Hi you all, and welcome to my second blog:
Since i did my recent first ever photo shoot with a model (circa 6 weeks ago), i have stopped to reflect on what i produced in that shoot and comparing it with what i want to produce in the future. Looking back, i consider my first shoot actually a little of a disappointment to myself. If i were to redo that shoot i would produce more lighting in the background to give the walls a brighter “white”, and possibly I’d have painted the wall an appropriate color to remove some of the “blandness” on the gift opening photos, as seen here from my first photo shoot
I have also been looking at the differences of having better equipment before i start my summer people & model shoots too, and here is what i reviewed:
I tried out a Canon 70-200mm 2.8 “L” Series lens, and also a Full Frame Canon 6D camera....the local camera shop by my house was gracious enough to help me with this, so here are my findings:
First, let’s look at what i currently use for shooting: I have a Canon T2i (1.6x)crop sensor camera with a Canon 85mm 1.8 prime lens, 50mm 1.8 prime lens (aka nifty fifty) and also a Rokinon EF 85mm 1.4 manual focus prime lens. Naturally i have a tripod, but it is a cheap 19 dollar model and i believe even with the remote shutter switch that i use, the movement of the sensor lifting when i shoot causes a little “shake” every once in a while. You could almost sneeze and move this cheaply made tripod, which i won’t name here.
So I went down to my local camera store and here is what we did, in this order:
We mounted the 70-200mm “L” Series lens to my T2i camera and i started taking shots inside the store. Most were at 150-170mm focal length. Image stabilizer was turned on position 1. I started taking shots around the inside of the store, and also a few pointed outside into the daylight.
Then I removed the 70-200 2.8 “L” Series and mounted my 50mm 1.8, shooting with the exact same camera settings.. To my surprise the 50mm 1.8 photos were very dark and you could barely see them using the same camera settings that i used with the “L” lens. The 70-200 “L” was letting in that much more light ! It was unbelievable ! I would not notice until i got home and viewed these at 100 percent, but with me effectively shooting at a 240-270mm focal length with the “L” lens (150-170mm x 1.6 crop factor) the IS was not that impressive at all. It was almost identical to me shooting handheld with my 50mm 1.8 prime lens(non IS). Granted though, I am certainly not “Mr. Steadyhands”, but i had hoped to get a little “help” from the IS, but at those focal lengths (with the shutter speed i was using) it just wasn’t happening for me.
On to the next step. We mount the 70-200mm L Series onto a Canon 6D full frame camera. This is where the magic happened. The Canon 6D full frame camera lets in SO MUCH MORE LIGHT than my crop sensor T2i, even so much that i almost did not want to give it up. For stock photography this is a world of difference: much faster shutter speeds are possible (as compared to my T2i) with the same amount of available light. Or using the same shutter speed, aperture and ISO the amount of additional light let in to the full frame camera is just absolutely astounding !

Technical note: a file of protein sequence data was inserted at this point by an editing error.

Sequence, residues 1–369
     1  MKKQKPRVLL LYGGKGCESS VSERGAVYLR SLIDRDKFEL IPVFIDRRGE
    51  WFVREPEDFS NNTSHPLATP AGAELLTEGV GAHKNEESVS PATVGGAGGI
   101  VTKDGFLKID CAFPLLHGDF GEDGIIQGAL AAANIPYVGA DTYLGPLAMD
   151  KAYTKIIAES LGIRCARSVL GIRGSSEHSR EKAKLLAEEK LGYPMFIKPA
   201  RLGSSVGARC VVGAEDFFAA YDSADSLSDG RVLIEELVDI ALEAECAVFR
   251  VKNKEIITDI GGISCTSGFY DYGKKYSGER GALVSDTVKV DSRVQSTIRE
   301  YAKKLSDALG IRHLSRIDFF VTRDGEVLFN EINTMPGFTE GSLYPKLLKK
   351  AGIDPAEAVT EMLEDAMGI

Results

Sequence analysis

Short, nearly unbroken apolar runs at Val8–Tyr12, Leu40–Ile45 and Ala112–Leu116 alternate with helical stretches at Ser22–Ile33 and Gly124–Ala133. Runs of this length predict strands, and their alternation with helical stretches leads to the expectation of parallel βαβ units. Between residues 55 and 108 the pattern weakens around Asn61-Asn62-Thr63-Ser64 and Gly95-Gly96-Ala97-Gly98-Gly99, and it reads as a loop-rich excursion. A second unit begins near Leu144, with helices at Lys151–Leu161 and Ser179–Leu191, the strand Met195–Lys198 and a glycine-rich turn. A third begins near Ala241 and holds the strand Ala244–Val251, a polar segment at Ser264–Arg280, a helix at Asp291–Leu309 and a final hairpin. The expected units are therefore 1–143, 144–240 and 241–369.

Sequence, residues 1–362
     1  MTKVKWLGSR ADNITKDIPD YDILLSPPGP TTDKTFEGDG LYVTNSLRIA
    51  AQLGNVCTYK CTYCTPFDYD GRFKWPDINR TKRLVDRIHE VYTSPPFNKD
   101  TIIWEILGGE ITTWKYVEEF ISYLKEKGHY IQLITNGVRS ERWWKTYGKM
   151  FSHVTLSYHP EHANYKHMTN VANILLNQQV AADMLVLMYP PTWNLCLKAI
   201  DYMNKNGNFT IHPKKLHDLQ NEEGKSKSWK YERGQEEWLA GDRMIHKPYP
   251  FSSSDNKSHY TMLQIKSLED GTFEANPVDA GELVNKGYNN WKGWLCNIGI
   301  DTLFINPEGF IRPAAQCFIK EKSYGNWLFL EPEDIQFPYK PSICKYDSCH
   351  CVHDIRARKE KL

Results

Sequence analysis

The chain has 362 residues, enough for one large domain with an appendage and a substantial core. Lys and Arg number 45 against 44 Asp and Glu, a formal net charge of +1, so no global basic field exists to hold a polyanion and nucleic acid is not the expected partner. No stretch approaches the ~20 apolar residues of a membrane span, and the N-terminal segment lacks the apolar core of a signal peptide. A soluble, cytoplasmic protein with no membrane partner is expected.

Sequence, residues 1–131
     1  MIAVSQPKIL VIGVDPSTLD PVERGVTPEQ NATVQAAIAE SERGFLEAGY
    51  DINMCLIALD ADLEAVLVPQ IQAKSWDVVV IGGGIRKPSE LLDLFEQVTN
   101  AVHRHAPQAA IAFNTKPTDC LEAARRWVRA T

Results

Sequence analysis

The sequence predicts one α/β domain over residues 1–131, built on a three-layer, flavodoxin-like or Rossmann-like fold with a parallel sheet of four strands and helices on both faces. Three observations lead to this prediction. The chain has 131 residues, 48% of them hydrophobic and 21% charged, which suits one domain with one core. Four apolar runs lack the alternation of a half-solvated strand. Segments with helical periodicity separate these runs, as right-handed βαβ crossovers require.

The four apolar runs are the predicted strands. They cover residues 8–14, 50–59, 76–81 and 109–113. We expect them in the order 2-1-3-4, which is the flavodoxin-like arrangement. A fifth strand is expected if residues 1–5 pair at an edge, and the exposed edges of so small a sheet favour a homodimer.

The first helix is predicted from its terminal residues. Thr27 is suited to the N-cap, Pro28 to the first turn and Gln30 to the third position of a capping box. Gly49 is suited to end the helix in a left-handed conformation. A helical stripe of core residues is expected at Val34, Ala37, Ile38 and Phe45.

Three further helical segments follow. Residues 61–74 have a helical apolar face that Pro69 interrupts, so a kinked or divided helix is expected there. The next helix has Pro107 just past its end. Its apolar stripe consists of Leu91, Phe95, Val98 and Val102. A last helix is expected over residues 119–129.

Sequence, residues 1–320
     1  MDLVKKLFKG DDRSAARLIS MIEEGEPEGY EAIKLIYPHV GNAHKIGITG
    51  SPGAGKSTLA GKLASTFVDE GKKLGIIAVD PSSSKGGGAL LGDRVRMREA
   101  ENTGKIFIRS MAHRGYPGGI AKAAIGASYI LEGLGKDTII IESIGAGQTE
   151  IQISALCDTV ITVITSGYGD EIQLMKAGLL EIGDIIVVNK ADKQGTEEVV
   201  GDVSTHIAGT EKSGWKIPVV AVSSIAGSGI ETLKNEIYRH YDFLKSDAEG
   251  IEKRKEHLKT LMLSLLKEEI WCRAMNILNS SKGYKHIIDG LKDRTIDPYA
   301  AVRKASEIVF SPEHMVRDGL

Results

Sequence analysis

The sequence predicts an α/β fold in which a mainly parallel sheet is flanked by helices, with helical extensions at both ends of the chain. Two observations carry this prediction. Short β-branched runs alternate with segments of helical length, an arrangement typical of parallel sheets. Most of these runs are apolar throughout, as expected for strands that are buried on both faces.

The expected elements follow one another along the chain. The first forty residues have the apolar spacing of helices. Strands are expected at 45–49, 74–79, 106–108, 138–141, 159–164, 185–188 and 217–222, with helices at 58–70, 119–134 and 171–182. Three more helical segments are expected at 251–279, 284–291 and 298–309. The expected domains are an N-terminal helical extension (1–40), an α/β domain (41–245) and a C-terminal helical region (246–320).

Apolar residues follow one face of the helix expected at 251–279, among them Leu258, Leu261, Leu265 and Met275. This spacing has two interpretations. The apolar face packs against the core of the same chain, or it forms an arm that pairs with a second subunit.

So the bottom line is:
Can you just rent a 70-200mm “L” Series lens and use with your crop sensor camera ? Well, you can but keep in mind that the IS will be outstanding only at the lower zoom levels unless you have unusually steady hands or enough light to use blisteringly fast shutter speeds. Even using the 70mm focal length on a crop factor you’d ideally want to use a shutter speed of 1/125th of a second minimum, even faster as you zoom out. Any extra light you gain with this lens will be needed for extra shutter speed to avoid camera shake, so I’m going to say you’d be better off going with a rental of the 17-40 “L” Series lens instead to pair with a crop sensor camera, even though it does not have Image Stabilizer.
Do you need a full frame camera ? Not necessarily, and keep in mind that you will also need to pair the full frame camera with the “L” Series lens to get the maximum benefit for stock, with that benefit being the fact that it gives you the maximum available light. You might wonder why the “maximum available light” is necessary (or even desired) ???
Well, my friends, that is the big secret. Let’s say for this example that you have some basic Alien Bee strobe lighting. With a crop sensor and a good prime lens you can use the lighting “properly” and get great shots. With a full frame and the “L” Series lens, you can use your lighting creatively and have totally even, “stock” lighting and compete in the world class category. Using that same “creative” lighting with the crop sensor camera and your prime lens will leave you with lighting that just isn’t quite up to par, let alone “World Class Stock Photography” type lighting, although you can correct some of that in Photoshop.
There is a way to “fake it” with the crop sensor camera and get results that are pretty close without spending a fortune, but it will require some extra money spent on quality lighting (if you do not already have it) and I’d recommend reading the book “Light: Science and Magic” by Fil Hunter and Paul Fuqua because you will have to improvise on your lighting depending on room size, colors, reflectivity of your walls, ceiling and subject, etc....
I am not in the market for a new full frame, but i think i am going to browse Ebay for a quality “used” full frame camera from someone with a good feedback rating, and my local camera store rents the 70-200mm “L” Series lens for forty bucks a day (plus a credit card deposit that only gets charged if you lose or break the lens).
Hopefully this summer will see me move up to that level. Until then, my next shoot will have to make use of my “creativity”... Look for my next shoot to show up here sometime in the month of May.